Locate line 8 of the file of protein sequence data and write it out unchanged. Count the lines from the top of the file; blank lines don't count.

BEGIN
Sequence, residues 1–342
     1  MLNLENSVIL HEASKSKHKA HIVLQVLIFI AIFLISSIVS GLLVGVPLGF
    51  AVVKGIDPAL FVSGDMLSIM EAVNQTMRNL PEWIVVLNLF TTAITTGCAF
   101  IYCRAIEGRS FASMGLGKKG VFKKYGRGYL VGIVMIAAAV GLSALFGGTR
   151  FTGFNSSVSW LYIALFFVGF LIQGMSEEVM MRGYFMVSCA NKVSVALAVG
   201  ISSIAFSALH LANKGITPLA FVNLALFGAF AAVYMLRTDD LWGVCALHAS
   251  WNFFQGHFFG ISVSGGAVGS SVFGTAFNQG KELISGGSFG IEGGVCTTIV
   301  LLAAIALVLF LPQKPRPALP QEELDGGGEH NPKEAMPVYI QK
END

   301  LLAAIALVLF LPQKPRPALP QEELDGGGEH NPKEAMPVYI QK